It should be mentioned that undertaking Qi Gong, one should not simply learn exercises. First of all it is necessary to analyze one's mode of living: mental and physical activity, free time, addictions, nutrition, one's illnesses and their treatment, etc., decide on one's mood and wish to learn this system. Dr Wu Wei Xin admits: 'Remember: only persistent and patient mastering of this technique can bring forward the anticipated result'. The basic provisions of the Qi Gong practice are universal for all types:


Individual selection of the number of repeats, body positions, type of respiration, dynamic or static character of exercises.


To get maximum medical effect, it is necessary to consider the periods of the utmost body activity.


While practicing, one should be calm.


The exercises should be interchanged with rest.


The length of a static exercise should not be more than 30 minutes, after which there should be some movement (walk).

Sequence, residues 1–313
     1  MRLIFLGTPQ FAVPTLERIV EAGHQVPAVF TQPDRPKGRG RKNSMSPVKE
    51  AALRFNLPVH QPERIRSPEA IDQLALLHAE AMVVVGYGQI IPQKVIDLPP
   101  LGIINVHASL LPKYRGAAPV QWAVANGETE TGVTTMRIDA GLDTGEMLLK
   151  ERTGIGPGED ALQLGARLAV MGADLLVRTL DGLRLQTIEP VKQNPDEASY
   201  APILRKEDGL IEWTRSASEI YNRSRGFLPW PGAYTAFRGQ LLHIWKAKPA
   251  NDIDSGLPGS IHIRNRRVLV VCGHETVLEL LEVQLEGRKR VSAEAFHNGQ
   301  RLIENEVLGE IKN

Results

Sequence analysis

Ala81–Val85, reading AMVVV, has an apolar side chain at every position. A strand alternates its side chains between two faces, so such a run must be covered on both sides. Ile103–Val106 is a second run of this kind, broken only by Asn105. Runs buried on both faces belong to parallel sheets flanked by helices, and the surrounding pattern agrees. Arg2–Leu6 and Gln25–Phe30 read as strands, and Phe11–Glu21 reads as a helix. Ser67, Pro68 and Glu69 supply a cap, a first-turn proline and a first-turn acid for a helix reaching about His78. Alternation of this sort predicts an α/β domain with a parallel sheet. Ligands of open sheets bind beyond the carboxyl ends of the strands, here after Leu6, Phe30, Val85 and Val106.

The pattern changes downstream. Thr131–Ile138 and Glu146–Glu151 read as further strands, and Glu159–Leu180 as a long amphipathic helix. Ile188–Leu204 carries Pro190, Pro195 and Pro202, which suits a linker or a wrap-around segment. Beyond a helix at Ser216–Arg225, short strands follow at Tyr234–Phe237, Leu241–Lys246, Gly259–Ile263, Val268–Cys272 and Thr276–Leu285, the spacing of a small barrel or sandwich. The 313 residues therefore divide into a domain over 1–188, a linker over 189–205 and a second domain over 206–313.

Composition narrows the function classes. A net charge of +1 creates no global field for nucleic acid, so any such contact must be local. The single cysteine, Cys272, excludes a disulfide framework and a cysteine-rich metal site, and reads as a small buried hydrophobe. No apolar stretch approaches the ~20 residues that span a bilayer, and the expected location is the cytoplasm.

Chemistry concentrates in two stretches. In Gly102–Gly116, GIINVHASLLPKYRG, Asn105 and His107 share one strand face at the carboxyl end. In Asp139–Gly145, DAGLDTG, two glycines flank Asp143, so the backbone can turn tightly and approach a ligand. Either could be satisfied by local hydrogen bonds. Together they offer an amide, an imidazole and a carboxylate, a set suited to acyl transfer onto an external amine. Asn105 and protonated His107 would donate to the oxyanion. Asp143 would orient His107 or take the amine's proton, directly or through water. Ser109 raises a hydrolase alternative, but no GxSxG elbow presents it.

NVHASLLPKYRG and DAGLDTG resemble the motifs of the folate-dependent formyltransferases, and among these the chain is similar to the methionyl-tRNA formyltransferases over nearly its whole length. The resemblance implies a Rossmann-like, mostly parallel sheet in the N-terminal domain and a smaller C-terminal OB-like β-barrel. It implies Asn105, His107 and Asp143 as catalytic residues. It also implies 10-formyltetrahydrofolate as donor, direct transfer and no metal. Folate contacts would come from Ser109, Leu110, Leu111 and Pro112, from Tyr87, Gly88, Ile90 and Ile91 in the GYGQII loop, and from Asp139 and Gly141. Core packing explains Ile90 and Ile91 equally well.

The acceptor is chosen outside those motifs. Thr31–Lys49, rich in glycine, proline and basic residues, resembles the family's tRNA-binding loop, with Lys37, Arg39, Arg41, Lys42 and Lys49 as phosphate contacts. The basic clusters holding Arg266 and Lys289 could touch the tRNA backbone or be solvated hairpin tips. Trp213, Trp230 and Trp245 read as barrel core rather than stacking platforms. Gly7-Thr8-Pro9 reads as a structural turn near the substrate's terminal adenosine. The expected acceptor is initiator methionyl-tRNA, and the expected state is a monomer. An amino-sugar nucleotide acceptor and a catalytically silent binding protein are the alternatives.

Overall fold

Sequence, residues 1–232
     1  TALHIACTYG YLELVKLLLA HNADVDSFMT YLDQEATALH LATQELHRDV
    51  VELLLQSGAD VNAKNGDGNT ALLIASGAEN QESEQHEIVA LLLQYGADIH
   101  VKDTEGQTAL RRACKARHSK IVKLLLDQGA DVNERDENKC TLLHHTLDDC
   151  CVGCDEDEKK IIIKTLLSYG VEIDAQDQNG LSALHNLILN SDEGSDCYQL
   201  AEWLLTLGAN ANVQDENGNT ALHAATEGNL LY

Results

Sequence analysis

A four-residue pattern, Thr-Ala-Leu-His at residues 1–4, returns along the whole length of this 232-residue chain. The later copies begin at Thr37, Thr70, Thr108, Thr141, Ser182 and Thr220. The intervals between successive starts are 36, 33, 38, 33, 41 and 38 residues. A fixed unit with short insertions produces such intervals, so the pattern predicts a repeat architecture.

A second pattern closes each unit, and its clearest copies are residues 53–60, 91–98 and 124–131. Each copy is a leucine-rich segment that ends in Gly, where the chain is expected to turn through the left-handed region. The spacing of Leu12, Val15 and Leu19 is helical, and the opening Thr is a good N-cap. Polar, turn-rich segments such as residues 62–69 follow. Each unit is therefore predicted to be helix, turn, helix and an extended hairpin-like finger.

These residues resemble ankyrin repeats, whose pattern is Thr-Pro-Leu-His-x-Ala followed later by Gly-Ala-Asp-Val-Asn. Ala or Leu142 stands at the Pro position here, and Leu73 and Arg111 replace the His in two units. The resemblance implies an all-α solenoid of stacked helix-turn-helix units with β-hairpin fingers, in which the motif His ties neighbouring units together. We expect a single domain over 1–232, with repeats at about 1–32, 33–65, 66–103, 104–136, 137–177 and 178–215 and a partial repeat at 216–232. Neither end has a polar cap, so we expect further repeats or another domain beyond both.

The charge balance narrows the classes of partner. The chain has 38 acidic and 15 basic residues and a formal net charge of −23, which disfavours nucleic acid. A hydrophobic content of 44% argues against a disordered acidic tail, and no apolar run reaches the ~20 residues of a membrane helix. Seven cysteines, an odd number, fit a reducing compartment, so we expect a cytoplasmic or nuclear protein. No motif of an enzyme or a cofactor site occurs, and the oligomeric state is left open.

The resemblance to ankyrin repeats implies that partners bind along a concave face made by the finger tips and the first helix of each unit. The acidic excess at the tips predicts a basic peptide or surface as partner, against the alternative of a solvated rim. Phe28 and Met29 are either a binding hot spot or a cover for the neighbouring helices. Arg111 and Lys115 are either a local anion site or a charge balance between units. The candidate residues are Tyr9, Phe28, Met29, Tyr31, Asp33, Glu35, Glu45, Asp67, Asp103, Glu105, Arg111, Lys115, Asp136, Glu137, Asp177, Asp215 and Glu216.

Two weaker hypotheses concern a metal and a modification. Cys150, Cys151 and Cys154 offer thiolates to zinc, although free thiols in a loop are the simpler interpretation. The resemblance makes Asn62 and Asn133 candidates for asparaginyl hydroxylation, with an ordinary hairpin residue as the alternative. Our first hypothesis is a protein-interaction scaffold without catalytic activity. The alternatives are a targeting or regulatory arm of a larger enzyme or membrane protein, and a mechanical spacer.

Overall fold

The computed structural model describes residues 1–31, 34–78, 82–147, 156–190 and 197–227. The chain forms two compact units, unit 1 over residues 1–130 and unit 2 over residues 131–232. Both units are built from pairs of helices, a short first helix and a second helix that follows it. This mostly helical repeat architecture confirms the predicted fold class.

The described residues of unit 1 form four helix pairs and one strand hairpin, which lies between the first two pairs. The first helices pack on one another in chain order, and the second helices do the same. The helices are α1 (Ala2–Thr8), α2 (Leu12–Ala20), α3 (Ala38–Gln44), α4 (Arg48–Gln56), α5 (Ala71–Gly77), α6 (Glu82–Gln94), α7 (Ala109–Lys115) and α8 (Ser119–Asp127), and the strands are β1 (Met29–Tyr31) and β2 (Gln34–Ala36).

Gradation in learning – from the lowest to the highest.


It is forbidden to practice Qi Gong after hard physical activity.


It is forbidden to practice Qi Gong on an empty stomach, but not immediately after meal as well.


It is forbidden to practice Qi Gong in the state of agitation.


It is forbidden to practice Qi Gong during a thunderstorm.


It is forbidden to practice Qi Gong if the air is stale or contaminated, but not in the wind or draught as well.


To treat illnesses it is necessary to employ a complex approach – to employ the Qi Gong-therapy in combination with the methods of Orient and West medicine.


It is forbidden to sit on a cold stone or ground after classes.


The most important thing in the Qi Gong complex is gradation and persistence. To be persistent doesn't mean to overpractice, because this can lead to undesirable disorders.
It is necessary to believe in science and not fall under implicit faith in some master or some technique.